After finishing off our tour of the A319, it was soon time for us to return to Hangar 89 for a tour of the OCC (Operations Control Centre), which is essentially the hub of the entire operation. It is here that schedules are formed, crew rosters are made, flight plans are created and, crucially, where the entire network is monitored and controlled from. There are support staff at a number of ‘pods’ covering each base on the network, and they are at the end of the phone to sort out any issues that may arise throughout the day. A number of tools are used to monitor aircraft en-route and on the ground and if, for example, an aircraft diverts, the team in the OCC will be planning what needs to happen next even before the aircraft has landed (i.e. organising coaches to transport passengers to their original destination). Although everyone was hard at work, the team made time to show us a number of key elements that make up the OCC. We were shown how flight plans are made, how aircraft are positioned and flights scheduled to account for delays, and how aircraft technicalities are dealt with. Interestingly, we were able to see how the birdstrike earlier in the day had affected the flying schedule and the actions that OCC had put in place to mitigate any delays. It was so interesting to see the OCC, as it was our first insight into what really makes the company tick. I for one had no idea just how much goes on behind the scenes to get the passengers to where they need to be! We finished the day by returning to the academy and checking into our hotel, before meeting for a meal at a local restaurant. We were joined by our liaison pilots, and it was great to talk about the company and the career over dinner. The second day started at 9am and included two main presentations; the first looking at the financial side of the airline, and the second focusing on the route structure and ticket pricing. We looked in depth at the financial make-up of the company and exactly where the airline makes (and spends) it’s money, as well as looking at how tickets are priced, how new routes are chosen and how the airline ensures routes are profit-making whilst still delivering fantastic value to customers. The presentations were hugely beneficial and I learnt a lot about how the airline operates and how decisions are made within the business. These talks are usually only given when you receive recurrent training, so to receive such interesting and relevant information on the business side of the operation before we have even started is a huge advantage which definitely helps our commercial awareness. During the day, we were also presented with our new epaulettes featuring our first ‘bar’, signifying the end of the basic phase of the MPL course. As you can see below, these epaulettes have been updated with the new brand identity of CTC!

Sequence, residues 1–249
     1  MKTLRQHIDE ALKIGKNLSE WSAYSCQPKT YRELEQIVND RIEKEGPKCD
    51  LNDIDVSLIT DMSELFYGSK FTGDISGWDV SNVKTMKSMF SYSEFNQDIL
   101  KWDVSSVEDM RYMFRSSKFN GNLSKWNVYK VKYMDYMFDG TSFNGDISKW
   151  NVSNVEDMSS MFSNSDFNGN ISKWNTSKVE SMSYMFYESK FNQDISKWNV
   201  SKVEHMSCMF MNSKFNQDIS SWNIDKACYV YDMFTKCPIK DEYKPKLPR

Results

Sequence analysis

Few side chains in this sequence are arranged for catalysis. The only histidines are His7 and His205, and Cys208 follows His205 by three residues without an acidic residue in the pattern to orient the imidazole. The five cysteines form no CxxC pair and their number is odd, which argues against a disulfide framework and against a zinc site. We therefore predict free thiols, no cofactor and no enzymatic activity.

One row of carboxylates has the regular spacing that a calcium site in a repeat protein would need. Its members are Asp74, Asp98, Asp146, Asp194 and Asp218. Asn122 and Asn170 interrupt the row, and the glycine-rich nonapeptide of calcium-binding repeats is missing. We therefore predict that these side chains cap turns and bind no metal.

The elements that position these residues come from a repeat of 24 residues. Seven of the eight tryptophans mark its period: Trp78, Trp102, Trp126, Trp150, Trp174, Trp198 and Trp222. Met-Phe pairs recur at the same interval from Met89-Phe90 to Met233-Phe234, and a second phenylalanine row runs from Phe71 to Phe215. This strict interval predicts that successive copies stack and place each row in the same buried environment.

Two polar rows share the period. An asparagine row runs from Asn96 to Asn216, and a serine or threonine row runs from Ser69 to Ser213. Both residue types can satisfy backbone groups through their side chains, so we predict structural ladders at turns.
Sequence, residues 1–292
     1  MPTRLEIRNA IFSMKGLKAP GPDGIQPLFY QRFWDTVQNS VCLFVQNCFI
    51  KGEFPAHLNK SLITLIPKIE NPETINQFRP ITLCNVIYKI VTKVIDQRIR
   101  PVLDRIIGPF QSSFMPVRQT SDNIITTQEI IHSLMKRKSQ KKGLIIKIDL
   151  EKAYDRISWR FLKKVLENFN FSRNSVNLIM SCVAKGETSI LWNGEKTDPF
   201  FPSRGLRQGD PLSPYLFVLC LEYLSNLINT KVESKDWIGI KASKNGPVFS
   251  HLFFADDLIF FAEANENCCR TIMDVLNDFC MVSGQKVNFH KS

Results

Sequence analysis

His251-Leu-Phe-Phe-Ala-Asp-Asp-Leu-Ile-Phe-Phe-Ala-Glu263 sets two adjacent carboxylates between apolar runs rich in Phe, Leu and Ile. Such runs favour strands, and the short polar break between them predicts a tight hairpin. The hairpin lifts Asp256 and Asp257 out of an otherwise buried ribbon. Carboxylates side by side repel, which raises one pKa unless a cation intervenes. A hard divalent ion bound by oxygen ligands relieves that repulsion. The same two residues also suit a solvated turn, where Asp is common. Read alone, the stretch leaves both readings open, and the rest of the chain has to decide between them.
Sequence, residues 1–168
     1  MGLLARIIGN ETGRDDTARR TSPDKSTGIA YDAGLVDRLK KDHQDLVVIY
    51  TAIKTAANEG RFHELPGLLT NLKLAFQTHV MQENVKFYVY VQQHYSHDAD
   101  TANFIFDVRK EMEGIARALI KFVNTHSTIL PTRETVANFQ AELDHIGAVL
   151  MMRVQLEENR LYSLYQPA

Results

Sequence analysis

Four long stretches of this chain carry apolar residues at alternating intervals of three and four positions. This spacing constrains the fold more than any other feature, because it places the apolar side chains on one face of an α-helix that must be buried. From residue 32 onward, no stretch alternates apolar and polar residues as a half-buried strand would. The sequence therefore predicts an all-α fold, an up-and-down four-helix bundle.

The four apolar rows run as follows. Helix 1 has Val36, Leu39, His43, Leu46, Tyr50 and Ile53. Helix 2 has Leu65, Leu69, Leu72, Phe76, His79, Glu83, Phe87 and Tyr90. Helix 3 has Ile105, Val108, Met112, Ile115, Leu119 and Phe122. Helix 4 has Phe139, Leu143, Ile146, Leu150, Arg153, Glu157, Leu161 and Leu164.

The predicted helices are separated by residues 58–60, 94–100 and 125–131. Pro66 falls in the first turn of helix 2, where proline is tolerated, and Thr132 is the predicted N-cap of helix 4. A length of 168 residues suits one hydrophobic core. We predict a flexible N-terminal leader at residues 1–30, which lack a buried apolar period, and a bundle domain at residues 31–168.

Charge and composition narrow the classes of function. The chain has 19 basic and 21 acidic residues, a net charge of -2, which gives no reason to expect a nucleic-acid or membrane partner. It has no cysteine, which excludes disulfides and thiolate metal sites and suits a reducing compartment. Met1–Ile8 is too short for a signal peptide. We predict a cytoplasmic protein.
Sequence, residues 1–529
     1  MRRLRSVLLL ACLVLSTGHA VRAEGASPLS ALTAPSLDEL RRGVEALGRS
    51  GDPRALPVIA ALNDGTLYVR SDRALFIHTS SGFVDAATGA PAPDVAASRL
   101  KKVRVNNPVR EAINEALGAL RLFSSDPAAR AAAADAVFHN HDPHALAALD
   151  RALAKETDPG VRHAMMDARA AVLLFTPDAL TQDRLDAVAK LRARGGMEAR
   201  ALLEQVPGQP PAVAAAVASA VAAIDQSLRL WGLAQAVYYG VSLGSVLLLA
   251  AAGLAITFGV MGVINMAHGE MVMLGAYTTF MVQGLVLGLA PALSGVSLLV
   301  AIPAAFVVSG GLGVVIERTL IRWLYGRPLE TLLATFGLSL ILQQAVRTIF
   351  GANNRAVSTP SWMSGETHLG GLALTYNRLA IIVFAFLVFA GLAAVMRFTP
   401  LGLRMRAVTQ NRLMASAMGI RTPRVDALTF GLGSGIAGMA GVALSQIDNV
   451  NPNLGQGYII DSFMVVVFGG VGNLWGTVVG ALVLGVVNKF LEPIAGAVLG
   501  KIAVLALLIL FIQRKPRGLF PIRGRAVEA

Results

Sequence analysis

As I’m sure you can see from my ramblings above, the visit was hugely enjoyable and if it is even possible, I am now more excited than ever to start working for the airline in January! Everyone we met seemed so passionate about the airline, and there is a real sense of community and teamwork. For example, it was great to hear that Carolyn McCall herself (who we saw both at the hangar and the academy) helps the crew clean the aircraft during the short turnarounds when she is onboard. The trip has not just taught me more about the airline itself but also the industry as a whole, in particular on the business and financial side of things. I’d like to say a big thanks to our liaison pilots Simon and Mark, as well as all the staff at EasyJet and CTC who made the trip happen! Funnily enough, the next time we will visit Luton will be for our airline induction in mid-January, so we really are onto the final straight now. From next week, we will be at the beginning of our Intermediate phase which starts with our A320 technical ground school (which means it’s time to hit the books again!). Following this, there are just 28 more simulator sessions before our license skills test.
The end is well and truly in sight. Thank you for reading, speak to you again in a few weeks!